Police are linked to blacklist of construction workers

Daniel Boffey writes in the Observer:

The police or security services supplied information to a blacklist funded by the country’s major construction firms that has kept thousands of people out of work over the past three decades.

The Information Commissioner’s Office (ICO) has revealed that records that could only have come from the police or MI5 have been discovered in a vast database of files held on 3,200 victims who were deemed leftwing or troublesome.

The files were collected by the Consulting Association, a clandestine organisation funded by major names in the construction industry.

Its database was seized nearly three years ago, but the extraordinary nature of the information held has only now emerged, following an employment tribunal for one of the victims, Dave Smith, a 46-year-old engineer who had a 36-page file against his name and was victimised repeatedly for highlighting safety hazards on sites, including the presence of asbestos.

David Clancy, investigations manager at the ICO, told the central London tribunal adjudicating on Smith’s claims against construction giant Carillion that “there is information on the Consulting Association files that I believe could only be supplied by the police or the security services”.

The paper reports details of another victim’s Consulting Association file:

Signal technician Steve Hedley, from East Ham, is one of those whose name was in the Consulting Association’s files. In 2004, Hedley, 43, was working on the Channel Tunnel Rail Link when his employer accused him of theft. The claim was subsequently retracted, but he was told there was no more work on site. A few weeks later he was taken on by a different company working on the project, then sacked within days without explanation. It was the start of four years without permanent employment. In what is thought to be police-sourced intelligence, he was named in the files as having been “apprehended/observed on way to demonstrate against BNP laying wreath at Cenotaph on Remembrance Sunday”. The last entry in his 18-page file, which comprised mainly cuttings from the Morning Star and other leftwing publications, states that he had been elected as an RMT union organiser. Other notes describe his disapproval of new Labour, among other things.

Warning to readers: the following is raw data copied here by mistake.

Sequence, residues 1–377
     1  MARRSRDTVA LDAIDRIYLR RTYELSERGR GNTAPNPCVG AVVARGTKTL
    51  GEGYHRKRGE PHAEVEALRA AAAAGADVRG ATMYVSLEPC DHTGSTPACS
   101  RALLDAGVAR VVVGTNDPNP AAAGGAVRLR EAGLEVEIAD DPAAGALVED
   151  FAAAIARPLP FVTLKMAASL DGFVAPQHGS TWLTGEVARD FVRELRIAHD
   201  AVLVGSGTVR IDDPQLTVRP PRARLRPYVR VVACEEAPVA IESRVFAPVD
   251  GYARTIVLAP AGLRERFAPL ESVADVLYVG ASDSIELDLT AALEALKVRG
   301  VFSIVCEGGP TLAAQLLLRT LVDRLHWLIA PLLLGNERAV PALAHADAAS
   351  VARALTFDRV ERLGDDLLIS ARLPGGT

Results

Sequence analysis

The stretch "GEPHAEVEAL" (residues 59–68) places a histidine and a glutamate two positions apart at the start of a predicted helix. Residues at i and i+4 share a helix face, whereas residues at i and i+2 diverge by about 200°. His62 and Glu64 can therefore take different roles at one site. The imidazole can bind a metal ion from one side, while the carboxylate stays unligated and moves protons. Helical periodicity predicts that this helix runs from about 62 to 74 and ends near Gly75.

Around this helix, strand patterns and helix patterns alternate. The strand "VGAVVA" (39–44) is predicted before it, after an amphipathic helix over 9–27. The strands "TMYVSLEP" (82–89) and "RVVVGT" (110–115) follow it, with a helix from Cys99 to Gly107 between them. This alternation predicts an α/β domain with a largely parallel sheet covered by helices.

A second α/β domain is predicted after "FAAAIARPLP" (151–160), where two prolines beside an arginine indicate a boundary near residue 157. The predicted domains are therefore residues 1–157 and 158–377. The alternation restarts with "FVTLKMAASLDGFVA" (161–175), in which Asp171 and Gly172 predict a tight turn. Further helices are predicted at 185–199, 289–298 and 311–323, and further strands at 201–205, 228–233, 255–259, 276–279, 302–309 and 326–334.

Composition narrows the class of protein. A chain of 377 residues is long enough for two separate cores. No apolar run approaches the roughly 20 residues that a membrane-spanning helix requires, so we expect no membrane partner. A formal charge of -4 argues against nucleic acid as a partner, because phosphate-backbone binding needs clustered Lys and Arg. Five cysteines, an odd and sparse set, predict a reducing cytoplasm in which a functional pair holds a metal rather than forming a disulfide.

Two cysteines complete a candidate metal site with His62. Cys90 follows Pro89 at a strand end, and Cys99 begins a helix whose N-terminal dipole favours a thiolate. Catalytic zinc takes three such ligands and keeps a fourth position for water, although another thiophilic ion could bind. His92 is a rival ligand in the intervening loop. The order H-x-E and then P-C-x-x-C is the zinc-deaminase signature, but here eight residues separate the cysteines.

3 thoughts on “Police are linked to blacklist of construction workers

  1. Tom Welsh says:

    Thank goodness we live in an advanced, highly civilised country where there is absolutely no official corruption – unlike those poor benighted third world nations!

  2. guy herbert says:

    It’s important from the point of view of NO2ID to distinguish between material taken from police files/databases and ‘open-source intelligence’ such as the newspaper clippings referred to. The former shows the database state out of hand: an informal, perhaps criminal, equivalent of enhanced CRB checks, in which police opinions and suspicions are used to make secret judgments about individuals.

    There might be concerns about using the latter in making hiring decisions, but is publicly announced material that the subject has access to.

  3. Tom Welsh says:

    Good point, Guy. I noticed an article in today’s Times (5th March) complaining about the growing police tendency to demand most (or all) film footage of protests taken by the media. Arguably that is “open” in principle (except that much of it is never published), but it brings us nearer to the idea that the authorities should be aware of everything that happens and everything anyone does – just in case.

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